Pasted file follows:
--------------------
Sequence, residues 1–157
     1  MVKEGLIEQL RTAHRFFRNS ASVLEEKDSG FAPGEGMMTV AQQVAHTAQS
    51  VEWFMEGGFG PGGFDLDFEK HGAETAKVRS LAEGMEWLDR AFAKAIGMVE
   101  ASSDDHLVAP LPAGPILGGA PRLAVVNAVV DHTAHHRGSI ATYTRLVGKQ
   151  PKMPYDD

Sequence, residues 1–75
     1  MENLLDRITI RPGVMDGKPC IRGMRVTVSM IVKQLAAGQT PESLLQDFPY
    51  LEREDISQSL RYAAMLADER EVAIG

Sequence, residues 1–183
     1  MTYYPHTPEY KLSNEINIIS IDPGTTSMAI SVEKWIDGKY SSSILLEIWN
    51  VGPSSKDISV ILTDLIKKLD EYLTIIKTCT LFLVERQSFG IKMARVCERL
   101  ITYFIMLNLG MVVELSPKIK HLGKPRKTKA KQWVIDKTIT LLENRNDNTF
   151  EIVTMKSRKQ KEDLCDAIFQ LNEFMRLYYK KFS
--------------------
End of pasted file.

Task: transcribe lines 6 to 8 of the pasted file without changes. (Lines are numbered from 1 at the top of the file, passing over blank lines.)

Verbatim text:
Sequence, residues 1–75
     1  MENLLDRITI RPGVMDGKPC IRGMRVTVSM IVKQLAAGQT PESLLQDFPY
    51  LEREDISQSL RYAAMLADER EVAIG